In recent article in Game Programming Gems 8 on roads modeling [1], roads are generated as geodesic curves on terrain surface. The idea presented in the article is to modify the standard metric, induced on the terrain surface, with a metric, which penalizes travelling up and down terrain slopes. It was mentioned that a high penalty for slopes may lead to computational instability with roads taking increasingly longer detours. Here we discuss upper bound on the detour length.

# Roads, as geodesics, are bounded: the missing lemma

Terrain surface can be modeled as 2D projectable manifold $M$ defined by its height function $f:\Omega \to R$ where $\Omega \in R^2$ is open subset, and is domain of the mapping $f=f(x,y)$. Euclidean metric in $R^3$ induces metric on $M$:

(1) $dl^2 = dx^2 + dy^2 + df(x,y)^2 = dx^2 + dy^2 + (f_x dx + f_y dy)^2$

where we assume that $f(x,y)$ has smooth partial derivatives $f_x$ and $f_y$. The metric (1) results in geodesics that can be viewed as elastic cord lines snapped to the terrain surface along their entire length. They tend to minimize their length while staying on the terrain.

For more realistic modeling outcome we can introduce additional penalty for traveling up or down the slopes. This (very) roughly corresponds to the logic of how roads are placed in the real word. The modified metric:

(2) $dL^2(\lambda) = dl^2 + \lambda (f_x dx + f_y dy)^2$

where parameter $\lambda \ge 0$ characterizes the penalty for travelling on an uneven terrain. By definition:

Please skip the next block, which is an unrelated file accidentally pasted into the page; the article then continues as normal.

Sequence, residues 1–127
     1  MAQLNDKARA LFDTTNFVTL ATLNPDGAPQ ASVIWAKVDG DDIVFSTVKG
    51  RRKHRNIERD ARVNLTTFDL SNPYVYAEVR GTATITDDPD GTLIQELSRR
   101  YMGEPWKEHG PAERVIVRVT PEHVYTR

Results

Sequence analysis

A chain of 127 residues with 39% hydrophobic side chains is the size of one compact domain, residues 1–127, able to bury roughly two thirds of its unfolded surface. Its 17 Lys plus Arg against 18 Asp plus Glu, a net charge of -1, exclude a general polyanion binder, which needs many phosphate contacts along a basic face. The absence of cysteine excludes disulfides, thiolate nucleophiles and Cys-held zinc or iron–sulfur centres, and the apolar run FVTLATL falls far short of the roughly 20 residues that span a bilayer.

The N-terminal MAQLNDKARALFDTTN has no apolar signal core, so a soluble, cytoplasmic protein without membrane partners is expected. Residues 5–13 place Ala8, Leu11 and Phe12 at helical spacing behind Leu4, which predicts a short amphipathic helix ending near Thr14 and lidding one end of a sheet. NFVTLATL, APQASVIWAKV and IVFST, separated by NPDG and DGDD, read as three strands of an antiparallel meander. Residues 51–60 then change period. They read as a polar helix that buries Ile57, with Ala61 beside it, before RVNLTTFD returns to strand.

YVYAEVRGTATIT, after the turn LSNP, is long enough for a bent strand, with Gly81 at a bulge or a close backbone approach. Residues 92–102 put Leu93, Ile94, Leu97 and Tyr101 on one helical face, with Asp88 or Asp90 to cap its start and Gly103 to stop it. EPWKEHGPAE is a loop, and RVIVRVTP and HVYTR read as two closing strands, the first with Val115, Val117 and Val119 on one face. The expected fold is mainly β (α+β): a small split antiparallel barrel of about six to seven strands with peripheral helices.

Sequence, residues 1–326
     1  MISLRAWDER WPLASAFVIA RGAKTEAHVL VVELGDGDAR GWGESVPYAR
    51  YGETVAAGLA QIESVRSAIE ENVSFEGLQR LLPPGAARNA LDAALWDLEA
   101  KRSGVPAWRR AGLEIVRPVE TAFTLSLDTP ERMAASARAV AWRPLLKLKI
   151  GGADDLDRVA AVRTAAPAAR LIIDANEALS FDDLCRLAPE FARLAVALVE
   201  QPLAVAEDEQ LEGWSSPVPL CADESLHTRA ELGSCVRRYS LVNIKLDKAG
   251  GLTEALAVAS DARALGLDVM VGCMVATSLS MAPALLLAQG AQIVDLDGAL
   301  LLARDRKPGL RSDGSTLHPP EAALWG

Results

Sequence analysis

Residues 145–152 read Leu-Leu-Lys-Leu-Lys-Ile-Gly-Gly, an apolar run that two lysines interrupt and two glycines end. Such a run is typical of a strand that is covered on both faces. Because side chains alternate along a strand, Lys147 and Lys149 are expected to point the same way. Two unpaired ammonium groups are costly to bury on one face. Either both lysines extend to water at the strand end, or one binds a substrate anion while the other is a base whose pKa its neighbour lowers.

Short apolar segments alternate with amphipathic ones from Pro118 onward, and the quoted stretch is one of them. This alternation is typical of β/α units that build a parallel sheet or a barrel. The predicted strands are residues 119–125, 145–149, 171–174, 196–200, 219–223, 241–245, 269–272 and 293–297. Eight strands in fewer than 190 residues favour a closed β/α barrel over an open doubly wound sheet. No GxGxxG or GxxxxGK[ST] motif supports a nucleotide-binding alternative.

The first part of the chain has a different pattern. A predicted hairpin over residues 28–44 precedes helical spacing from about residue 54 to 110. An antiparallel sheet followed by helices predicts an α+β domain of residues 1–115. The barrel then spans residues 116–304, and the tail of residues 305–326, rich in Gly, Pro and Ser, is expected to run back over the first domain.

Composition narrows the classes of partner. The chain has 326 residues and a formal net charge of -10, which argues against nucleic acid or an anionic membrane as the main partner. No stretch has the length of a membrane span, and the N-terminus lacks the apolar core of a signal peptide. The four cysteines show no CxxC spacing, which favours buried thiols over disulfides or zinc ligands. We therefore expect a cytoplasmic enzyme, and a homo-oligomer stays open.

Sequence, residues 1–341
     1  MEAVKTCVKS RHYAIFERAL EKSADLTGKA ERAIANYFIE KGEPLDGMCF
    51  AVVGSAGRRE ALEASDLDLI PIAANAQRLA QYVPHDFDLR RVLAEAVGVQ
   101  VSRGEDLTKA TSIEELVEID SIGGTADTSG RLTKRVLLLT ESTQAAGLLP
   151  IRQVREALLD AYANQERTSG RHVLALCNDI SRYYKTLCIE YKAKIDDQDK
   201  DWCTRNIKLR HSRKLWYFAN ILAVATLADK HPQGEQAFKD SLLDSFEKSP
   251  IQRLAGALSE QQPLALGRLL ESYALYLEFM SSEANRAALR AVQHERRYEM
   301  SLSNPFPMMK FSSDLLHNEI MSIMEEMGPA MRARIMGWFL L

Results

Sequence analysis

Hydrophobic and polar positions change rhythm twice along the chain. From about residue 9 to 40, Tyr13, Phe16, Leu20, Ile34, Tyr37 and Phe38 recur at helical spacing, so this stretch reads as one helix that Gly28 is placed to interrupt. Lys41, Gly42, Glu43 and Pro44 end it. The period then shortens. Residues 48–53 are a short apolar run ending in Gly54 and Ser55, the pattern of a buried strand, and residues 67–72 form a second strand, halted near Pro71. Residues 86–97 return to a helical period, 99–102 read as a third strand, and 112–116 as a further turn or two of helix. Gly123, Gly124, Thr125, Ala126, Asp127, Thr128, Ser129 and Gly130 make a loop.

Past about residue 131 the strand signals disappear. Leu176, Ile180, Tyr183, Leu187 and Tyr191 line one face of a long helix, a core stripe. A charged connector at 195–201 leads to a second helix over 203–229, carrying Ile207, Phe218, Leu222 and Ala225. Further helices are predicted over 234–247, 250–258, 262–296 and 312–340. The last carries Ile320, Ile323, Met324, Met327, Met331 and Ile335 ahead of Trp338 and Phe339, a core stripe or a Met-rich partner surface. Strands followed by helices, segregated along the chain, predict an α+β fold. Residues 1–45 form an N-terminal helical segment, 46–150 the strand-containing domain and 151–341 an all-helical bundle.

$dL^2(0)=dl^2$.

## Bounds on Geodesics

With parameter $\lambda$ growing, the imaginary elastic cord used to represent the geodesics becomes more stretched in horizontal directions rather in vertical $z$ direction. This may lead to an increasingly long geodesics taking longer detours around uneven terrain. One of the practical questions is how far they can deviate from the geodesics induced by the original metric (1).

Let’s introduce some notations to formulate and prove a lemma on the boundary for a possible detour distance. Consider two points $a=(x_0,y_0) \in \Omega$ and $b=(x_1,y_1) \in \Omega$ with 2D Euclidean distance between them $D=|a-b|$. A geodesic curve connecting $a$ and $b$ in metric $dL^2(\lambda)$ will be denoted by $\gamma(\lambda)$. Let’s also denote by $l_{\lambda}(\gamma)$ length of the curve $\gamma(\lambda)$.

Lemma.  If height function $f$ has limited gradient in $\Omega$: $|df| < G$ then projection of the shortest geodesic curve $\gamma(\lambda)$ to $R^2$ resides in $r$-vicinity of the line cut $(a,b)$  where $r \le \sqrt{1+\lambda} D G$.

Proof. Consider lift $\theta (a,b)$ of straight line $(a,b)$ to the terrain manifold $M$. The length $l_0(\theta)$ of $\theta$ is less or equal $D \sqrt{ 1+G^2}$ since we have to travel distance $D$ horizontally and no more than $DG$ vertically. In metric $dL^2(\lambda)$ the same reasoning leads to the upper bound $l_{\lambda}(\theta) = D \sqrt{ 1+(1+\lambda) G^2}$ for the same lift $\theta$. The shortest geodesic $\gamma(\lambda)$ will be no longer than  $l_{\theta}(\lambda)$. On the other hand it can’t be shorter than $D$. Hence the shortest geodesic curve will project inside elliptic vicinity of $(a,b)$ with foci at $a$ and $b$ and semi-minor axis $\frac{1}{2}D G \sqrt{1+\lambda}$. Q.E.D.

Note: this Lemma still does not guarantee computation stability in the extreme cases as it doesn’t account for any particular computational procedure for building the approximation to the shortest path.

## References

[1] Igor Borovikov, Aleksey Kadukin, “Road Creation for Projectable Terrain Meshes” in Game Programming Gems 8, 2010, pp. 453-461.